Walter Massing (1995) Metaphysical Windmills in Robotland . Psycoloquy: 6(16) Robot Consciousness (11)
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Psycoloquy 6(16): Metaphysical Windmills in Robotland

Book Review of Bringsjord on Robot-Consciousness

Walter Massing
Day Clinic of the Langenhagen Psychiatric Clinic
Koenigstrasse 6a
D-30175 Hannover Germany


One of the main difficulties in Bringsjord's book What Robots Can and Can't Be (1992, 1994) arises due to the fact that concepts such as "person", "free will" and "introspection" are metaphysical and cannot be subjected to empirical scrutiny. Central statements such as "project to build a person" (PBP) are imprecisely formulated, for PBP is not a project, but is at best a prediction. Finally, Bringsjord's method is inadequately defined when he speaks of "precise deductive arguments which sometimes border on proofs," for deduction should not be regarded as a method but as a rule. Without going all the way down the road of the "eight clusters of philosophical issues," we will take a look at natural language as well as the more stringent Turing Test and the Goedel argument.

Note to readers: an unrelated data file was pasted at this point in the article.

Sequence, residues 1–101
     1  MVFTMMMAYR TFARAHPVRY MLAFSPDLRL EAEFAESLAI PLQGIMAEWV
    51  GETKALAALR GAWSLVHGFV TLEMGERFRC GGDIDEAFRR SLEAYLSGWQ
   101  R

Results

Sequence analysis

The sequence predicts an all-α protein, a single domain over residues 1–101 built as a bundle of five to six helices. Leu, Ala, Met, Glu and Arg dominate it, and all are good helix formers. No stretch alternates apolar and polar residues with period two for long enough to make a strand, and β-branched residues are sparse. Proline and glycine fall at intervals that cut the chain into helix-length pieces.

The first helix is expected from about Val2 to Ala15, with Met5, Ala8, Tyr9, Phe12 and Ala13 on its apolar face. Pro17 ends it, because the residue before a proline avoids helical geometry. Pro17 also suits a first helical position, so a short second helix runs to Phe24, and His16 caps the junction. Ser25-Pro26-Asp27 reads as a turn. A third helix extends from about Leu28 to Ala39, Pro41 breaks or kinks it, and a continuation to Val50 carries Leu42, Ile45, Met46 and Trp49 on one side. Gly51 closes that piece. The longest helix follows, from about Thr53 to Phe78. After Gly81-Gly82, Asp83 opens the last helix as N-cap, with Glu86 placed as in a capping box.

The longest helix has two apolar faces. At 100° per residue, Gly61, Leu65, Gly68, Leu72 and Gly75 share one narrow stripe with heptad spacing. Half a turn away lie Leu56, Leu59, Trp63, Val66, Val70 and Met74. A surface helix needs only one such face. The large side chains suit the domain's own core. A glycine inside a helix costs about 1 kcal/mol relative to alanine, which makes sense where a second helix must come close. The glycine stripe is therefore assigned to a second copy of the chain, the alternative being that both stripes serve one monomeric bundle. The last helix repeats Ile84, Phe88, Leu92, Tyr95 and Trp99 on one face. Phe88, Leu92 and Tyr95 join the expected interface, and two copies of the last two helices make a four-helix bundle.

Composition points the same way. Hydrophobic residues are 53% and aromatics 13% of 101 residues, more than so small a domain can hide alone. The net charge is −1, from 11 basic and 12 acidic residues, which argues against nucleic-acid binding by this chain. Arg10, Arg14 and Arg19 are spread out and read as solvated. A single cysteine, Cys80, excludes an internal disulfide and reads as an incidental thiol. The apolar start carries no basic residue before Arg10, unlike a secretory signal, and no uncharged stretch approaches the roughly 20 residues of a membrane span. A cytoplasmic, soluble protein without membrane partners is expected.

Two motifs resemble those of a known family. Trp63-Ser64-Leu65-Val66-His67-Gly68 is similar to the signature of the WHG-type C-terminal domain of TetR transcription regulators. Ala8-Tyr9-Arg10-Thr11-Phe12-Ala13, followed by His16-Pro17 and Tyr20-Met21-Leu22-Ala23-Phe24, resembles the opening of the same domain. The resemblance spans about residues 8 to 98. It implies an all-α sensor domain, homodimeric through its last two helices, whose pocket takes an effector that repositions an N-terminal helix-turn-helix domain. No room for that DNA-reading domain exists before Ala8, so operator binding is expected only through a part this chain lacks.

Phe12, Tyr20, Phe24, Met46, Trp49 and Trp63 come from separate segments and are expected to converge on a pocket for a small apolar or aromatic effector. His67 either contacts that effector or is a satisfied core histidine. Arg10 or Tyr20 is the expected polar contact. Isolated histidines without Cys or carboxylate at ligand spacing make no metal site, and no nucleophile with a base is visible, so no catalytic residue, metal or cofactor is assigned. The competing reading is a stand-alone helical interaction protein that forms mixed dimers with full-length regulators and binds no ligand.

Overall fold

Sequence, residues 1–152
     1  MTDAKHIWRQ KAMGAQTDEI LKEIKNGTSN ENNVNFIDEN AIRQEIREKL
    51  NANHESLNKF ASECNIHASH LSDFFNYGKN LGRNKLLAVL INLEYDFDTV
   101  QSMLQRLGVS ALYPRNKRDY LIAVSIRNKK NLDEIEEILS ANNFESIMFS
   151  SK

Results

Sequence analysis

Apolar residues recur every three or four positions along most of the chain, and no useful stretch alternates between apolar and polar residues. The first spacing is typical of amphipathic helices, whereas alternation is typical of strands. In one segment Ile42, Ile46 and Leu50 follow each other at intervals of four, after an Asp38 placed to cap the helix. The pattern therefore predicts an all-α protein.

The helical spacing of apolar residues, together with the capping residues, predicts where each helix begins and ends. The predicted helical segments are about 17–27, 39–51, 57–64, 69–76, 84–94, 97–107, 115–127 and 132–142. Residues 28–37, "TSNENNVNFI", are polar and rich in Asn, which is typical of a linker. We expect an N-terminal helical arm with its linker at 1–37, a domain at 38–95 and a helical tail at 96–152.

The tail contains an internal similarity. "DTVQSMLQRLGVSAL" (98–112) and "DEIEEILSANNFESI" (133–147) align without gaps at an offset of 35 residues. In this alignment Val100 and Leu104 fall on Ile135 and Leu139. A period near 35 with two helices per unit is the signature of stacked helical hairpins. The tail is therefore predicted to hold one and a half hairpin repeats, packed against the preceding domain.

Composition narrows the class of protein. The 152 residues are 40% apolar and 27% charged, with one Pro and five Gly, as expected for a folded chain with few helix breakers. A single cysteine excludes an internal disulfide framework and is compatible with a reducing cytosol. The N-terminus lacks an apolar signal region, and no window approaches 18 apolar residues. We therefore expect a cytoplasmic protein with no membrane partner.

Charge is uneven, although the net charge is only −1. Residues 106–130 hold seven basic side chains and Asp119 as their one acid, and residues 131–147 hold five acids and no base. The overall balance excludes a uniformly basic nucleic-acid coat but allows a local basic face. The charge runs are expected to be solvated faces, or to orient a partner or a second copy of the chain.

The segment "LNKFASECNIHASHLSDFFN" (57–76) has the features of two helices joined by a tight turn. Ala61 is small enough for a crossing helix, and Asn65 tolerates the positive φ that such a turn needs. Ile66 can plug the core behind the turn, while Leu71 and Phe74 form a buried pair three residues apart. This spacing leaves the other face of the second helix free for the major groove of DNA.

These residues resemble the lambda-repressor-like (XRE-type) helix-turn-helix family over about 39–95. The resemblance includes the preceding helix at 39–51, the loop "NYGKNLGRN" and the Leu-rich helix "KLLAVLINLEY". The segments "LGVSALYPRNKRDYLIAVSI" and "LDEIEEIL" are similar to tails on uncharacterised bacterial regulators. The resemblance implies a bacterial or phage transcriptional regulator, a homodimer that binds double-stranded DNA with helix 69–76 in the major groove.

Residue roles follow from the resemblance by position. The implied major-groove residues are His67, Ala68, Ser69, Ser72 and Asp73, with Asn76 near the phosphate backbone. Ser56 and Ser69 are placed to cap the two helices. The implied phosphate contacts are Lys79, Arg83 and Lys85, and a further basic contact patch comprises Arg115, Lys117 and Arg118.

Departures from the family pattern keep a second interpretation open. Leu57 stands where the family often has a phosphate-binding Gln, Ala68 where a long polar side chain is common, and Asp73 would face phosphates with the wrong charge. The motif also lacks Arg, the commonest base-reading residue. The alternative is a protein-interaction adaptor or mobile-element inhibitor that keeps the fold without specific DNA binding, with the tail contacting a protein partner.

behaviorism, Chinese Room Argument, cognition, consciousness, finite automata, free will, functionalism, introspection, mind, story generation, Turing machines, Turing Test.